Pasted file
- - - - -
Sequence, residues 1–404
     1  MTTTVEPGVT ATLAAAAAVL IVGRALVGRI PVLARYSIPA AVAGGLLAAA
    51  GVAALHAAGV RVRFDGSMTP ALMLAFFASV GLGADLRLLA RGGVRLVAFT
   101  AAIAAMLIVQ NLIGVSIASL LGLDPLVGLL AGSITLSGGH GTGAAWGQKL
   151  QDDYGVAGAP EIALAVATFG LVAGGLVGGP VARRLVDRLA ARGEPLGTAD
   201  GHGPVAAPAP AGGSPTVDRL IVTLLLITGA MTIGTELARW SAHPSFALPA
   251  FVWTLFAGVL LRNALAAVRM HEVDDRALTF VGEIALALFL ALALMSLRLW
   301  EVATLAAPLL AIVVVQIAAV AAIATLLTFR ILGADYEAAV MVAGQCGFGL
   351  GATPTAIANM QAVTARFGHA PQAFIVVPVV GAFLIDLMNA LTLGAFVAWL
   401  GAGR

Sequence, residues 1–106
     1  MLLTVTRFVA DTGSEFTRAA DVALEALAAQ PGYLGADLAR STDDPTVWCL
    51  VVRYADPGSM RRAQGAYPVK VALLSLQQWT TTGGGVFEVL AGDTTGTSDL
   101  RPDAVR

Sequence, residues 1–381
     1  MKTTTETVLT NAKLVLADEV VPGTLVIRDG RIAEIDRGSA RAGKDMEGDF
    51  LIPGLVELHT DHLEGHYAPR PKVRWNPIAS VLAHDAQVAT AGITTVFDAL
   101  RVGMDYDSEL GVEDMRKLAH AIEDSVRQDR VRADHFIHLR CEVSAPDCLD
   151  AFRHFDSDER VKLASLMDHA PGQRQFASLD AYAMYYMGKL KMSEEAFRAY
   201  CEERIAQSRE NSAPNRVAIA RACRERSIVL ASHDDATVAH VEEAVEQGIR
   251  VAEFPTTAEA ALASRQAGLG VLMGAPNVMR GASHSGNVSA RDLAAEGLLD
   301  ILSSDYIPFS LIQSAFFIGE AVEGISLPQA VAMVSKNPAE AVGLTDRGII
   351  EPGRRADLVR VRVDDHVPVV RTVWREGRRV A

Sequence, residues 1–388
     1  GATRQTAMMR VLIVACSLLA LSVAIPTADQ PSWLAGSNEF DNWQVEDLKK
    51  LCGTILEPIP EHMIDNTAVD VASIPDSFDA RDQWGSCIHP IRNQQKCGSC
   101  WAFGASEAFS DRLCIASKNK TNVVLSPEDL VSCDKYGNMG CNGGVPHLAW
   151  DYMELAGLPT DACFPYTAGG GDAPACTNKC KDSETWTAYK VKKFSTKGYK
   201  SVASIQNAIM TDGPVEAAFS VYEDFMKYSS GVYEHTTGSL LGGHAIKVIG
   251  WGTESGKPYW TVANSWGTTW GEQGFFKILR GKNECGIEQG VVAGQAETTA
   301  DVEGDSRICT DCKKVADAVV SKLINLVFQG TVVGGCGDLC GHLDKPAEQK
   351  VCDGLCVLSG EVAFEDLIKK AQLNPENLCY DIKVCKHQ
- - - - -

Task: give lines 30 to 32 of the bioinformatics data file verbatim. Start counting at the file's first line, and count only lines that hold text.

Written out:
   251  WGTESGKPYW TVANSWGTTW GEQGFFKILR GKNECGIEQG VVAGQAETTA
   301  DVEGDSRICT DCKKVADAVV SKLINLVFQG TVVGGCGDLC GHLDKPAEQK
   351  VCDGLCVLSG EVAFEDLIKK AQLNPENLCY DIKVCKHQ